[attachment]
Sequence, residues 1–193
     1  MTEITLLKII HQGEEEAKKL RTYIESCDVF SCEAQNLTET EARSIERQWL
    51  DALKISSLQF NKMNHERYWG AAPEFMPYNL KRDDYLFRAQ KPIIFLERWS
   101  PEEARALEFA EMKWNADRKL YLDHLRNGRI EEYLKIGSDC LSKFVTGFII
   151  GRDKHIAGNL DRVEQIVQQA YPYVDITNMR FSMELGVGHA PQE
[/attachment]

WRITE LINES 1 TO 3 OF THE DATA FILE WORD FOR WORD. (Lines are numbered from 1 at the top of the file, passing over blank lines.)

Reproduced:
Sequence, residues 1–193
     1  MTEITLLKII HQGEEEAKKL RTYIESCDVF SCEAQNLTET EARSIERQWL
    51  DALKISSLQF NKMNHERYWG AAPEFMPYNL KRDDYLFRAQ KPIIFLERWS